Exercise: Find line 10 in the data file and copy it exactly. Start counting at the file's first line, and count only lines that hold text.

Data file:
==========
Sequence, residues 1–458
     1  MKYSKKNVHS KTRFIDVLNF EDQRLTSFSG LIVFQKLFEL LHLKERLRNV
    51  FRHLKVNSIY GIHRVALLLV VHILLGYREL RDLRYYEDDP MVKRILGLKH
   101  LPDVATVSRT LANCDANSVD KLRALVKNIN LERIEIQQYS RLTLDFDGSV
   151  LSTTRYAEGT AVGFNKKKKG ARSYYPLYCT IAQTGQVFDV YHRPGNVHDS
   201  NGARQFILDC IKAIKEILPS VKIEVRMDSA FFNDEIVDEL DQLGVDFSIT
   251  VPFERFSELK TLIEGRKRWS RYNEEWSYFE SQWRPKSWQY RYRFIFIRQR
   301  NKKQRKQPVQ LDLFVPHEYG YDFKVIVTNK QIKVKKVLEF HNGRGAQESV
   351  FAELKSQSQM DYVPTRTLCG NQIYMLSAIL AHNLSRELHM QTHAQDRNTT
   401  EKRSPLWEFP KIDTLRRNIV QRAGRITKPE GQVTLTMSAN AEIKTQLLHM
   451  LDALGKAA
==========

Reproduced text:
   401  EKRSPLWEFP KIDTLRRNIV QRAGRITKPE GQVTLTMSAN AEIKTQLLHM